The nation's capital has some of the strictest gun laws anywhere in the country. And this week it was reported that Washington, D.C. hit a grim milestone—it reached its 200th homicide of the year. Homicide rates have not been so high since 2004, and there is still nearly a month and a half left in the year, although that number includes all homicides, not just those involving firearms. Police officers in DC have reportedly taken more than two-thousand illegal guns off the streets, a number that exceeds the record high from last year.
Clearly, criminals are ignoring the district's bans on firearms, and now efforts are underway to combat the threat of so-called "ghost guns," firearms made from kits including an unfinished receiver. The district has banned such parts, but criminals have largely ignored such bans.
"This is something that we should really, really, really continue to be concerned about," Police Chief Robert Contee told the local NBC affiliate. He also suggested that the ghost guns, which lack serial numbers, are somehow more dangerous because the parts can't be easily traced.
The number of such firearms has risen considerably in recent years. In 2018, just twenty-five of the homemade firearms were recovered by the DC police, and the number jumped to 116 a year later, while 282 were recovered in 2020. This year, there have been 313 such ghost guns recovered in the district.
"It's something we've been working on our laws to help make them tighter and to really make sure that we crack down on that," said DC Councilman Charles Allen, who chairs the council's public safety committee. "We've given the attorney general more authority that he's now exercising to go after these people who try to sell these kits online."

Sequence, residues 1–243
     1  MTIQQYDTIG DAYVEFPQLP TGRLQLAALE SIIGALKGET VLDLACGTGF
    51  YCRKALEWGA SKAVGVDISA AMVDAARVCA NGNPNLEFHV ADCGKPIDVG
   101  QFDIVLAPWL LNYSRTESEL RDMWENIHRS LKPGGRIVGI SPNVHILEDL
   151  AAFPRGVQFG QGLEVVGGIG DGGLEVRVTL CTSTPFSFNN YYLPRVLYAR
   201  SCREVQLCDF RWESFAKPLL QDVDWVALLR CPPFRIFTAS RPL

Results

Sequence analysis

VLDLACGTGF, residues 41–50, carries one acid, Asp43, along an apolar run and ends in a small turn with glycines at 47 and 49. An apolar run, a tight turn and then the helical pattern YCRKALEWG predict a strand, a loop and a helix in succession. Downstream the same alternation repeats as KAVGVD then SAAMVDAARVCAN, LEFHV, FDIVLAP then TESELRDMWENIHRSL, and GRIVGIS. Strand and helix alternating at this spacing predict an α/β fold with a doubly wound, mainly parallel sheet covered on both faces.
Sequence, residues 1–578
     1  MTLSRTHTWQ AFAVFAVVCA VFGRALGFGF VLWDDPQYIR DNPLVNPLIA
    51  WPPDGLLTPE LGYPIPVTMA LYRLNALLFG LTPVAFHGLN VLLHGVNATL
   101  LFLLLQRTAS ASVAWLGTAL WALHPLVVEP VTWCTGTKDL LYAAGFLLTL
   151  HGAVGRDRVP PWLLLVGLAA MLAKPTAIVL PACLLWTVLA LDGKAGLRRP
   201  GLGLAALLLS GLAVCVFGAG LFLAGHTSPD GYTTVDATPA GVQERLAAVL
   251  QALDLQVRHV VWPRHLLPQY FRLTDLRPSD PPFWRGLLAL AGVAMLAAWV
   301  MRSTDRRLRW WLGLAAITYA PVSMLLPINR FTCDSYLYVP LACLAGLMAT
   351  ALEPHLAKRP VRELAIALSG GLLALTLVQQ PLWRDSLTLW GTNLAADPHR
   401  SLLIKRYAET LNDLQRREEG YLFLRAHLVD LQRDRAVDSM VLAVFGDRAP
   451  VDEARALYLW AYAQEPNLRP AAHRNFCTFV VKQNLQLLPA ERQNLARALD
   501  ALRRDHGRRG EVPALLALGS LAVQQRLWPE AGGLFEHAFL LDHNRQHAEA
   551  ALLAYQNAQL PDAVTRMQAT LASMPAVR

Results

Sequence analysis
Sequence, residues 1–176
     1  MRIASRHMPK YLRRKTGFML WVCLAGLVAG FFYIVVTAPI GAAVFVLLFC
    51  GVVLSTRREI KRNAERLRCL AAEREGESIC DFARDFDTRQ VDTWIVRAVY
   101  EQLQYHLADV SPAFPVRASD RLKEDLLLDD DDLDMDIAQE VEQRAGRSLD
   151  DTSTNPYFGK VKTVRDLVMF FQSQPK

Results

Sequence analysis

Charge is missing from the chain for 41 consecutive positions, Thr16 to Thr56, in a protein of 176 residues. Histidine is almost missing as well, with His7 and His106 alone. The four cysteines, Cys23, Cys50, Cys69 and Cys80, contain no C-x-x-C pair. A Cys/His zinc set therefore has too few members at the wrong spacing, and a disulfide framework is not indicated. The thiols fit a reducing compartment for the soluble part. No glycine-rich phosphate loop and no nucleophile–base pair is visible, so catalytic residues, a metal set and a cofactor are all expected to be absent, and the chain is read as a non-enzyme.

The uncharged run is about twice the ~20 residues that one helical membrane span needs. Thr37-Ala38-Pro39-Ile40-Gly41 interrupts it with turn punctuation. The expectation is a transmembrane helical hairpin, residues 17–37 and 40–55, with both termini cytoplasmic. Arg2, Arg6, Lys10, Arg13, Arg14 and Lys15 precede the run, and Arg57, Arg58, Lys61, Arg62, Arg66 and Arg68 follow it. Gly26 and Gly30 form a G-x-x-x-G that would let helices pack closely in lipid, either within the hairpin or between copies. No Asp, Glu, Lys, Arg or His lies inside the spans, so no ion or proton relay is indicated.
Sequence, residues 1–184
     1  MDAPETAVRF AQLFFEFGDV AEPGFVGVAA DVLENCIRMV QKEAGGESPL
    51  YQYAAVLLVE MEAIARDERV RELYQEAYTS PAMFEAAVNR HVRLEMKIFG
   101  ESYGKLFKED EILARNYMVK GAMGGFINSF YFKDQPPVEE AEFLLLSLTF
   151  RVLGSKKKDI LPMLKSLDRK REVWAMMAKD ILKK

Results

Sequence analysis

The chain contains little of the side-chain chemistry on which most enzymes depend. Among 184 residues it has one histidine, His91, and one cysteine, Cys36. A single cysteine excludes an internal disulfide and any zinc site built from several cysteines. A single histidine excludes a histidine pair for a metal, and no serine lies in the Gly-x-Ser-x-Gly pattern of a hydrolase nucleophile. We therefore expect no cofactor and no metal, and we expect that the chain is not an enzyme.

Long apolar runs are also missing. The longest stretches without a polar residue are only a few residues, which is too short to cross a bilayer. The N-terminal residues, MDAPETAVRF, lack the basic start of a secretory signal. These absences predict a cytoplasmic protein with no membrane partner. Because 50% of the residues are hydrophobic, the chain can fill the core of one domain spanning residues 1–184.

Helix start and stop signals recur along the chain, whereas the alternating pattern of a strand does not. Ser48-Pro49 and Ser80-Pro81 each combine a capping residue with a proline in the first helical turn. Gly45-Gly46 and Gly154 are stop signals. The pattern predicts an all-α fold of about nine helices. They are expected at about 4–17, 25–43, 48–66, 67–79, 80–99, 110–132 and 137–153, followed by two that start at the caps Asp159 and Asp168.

This week Chief Robert Contee, who was joined by Washington Mayor Muriel Bowser and officials from the Bureau of Alcohol, Tobacco and Firearms (ATF), announced a program where tipsters can receive up to $2,500 for information that leads to an arrest and seizure of an illegal gun. Additionally, individuals can receive up to $5,000 from the ATF if the weapon is a "ghost gun" or is a handgun equipped with an illegal conversion device.
The police chief also stressed the process to receive the money would be expedited with no conviction of the case required.
"Citizens will not have to testify in court," Contee said. "Everything remains anonymous. A person calls in a tip, that tip leads to an arrest, the citizen who calls that tip in gets a number and once an arrest is made, that person gets paid."
Peter Suciu is a Michigan-based writer who has contributed to more than four dozen magazines, newspapers and websites. He regularly writes about military small arms, and is the author of several books on military headgear including A Gallery of Military Headdress, which is available on Amazon.com.